By Keith Idec
LAS VEGAS – Yordenis Ugas got himself back into position Saturday night for another title shot.
Four months after losing a split decision to WBC welterweight champ Shawn Porter, Ugas dealt Omar Figueroa Jr. his first professional defeat in a 12-round WBC elimination match on the Manny Pacquiao-Keith Thurman undercard at MGM Grand Garden Arena. The Cuban-born Ugas (24-4, 11 KOs) defeated Figueroa (28-1-1, 19 KOs) by unanimous decision in a largely uneventful, forgettable bout.
Miami’s Ugas scored a knockdown late in the first round and won by huge margins on all three scorecards. Judges Eric Cheek, Julie Lederman and Steve Weisfeld each scored 11 of the 12 rounds for Ugas and had the same final tally (119-107).
The sharper, stronger Ugas did enough holding to have a point deducted in the fifth round by referee Russell Mora. Otherwise, Ugas landed almost all of the power punches in a fight Figueroa seemingly never had a chance to win.
Ugas nearly upset Porter in his previous fight. Porter (30-2-1, 17 KOs) beat Ugas by split decision March 9 in Carson, California, but that result generated a lot of debate on social media and elsewhere.
In Figueroa’s prior appearance, he comfortably beat John Molina Jr. (30-8, 24 KOs) by unanimous decision in a 10-rounder February 16 in Los Angeles. Unlike Ugas, Molina is past his prime.
The 29-year-old Figueroa, of Weslaco, Texas, never got into a rhythm Saturday night and seemed to have little snap on his punches. He displayed the toughness that has long been his trademark, but just didn’t do much against Ugas.
An aggressive Ugas unloaded several right hands to the side of Figueroa’s head late in the ninth round and continued building on a big lead he maintained during the 10th, 11th and 12th rounds.
Referee Russell Mora gave Figueroa time to recover with 51 seconds to go in the eighth round, after Ugas hit him low. Mora also warned Ugas for hitting Figueroa after the bell to end the eighth round.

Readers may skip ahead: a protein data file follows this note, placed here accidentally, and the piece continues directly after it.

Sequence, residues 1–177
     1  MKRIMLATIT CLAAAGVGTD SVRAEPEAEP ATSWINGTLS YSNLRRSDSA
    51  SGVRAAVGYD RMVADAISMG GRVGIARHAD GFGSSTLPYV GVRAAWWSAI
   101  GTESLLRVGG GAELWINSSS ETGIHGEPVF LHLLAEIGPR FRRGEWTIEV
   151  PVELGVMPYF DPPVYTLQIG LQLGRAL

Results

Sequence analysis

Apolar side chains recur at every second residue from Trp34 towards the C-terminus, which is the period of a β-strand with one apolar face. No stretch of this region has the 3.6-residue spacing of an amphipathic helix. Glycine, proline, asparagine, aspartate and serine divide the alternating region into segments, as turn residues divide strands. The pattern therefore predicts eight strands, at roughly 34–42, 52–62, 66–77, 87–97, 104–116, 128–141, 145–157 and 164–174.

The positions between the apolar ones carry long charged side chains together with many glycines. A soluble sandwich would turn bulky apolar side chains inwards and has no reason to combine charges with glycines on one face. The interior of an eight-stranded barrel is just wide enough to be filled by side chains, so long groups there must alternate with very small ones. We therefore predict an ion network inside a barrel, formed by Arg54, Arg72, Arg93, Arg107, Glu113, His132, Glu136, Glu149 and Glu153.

Ugas landed a right uppercut about 1:10 into the seventh round. Ugas connected with a left-right combination very late in the seventh round as well.
With Figueroa moving toward a neutral corner, Ugas hit him with four right hands in the final 15 seconds of the sixth round. Figueroa shook his head as the bell sounded to let Ugas know he wasn’t hurt.
Mora deducted a point from Ugas for holding 22 seconds into the fifth round. He had warned Ugas for holding before taking a point away from him.
Ugas clipped Figueroa with a short left hook when there were 35 seconds to go in the fifth round.
The third round was full of holding and wrestling, but short on clean punching until the very end of it. That’s when Ugas cracked Figueroa with a left hook amid of flurry of power punches, as Figueroa was backed against the ropes.
Ugas hit Figueroa with a left uppercut and then a right uppercut just after the halfway mark of the second round. Mora warned Ugas for holding Figueroa’s arm later in the second round.
Ugas landed a looping, overhand right less than a minute into the fight. A right uppercut by Ugas landed flush less than a minute later and drew a response from the crowd.
With just over a minute to go in the first, Ugas got perfect extension on a right hand that sent an off-balance Figueroa into the ropes. Mora correctly counted it as a knockdown because the ropes held up Figueroa.
Keith Idec is a senior writer/columnist for BoxingScene.com. He can be reached on Twitter @Idecboxing.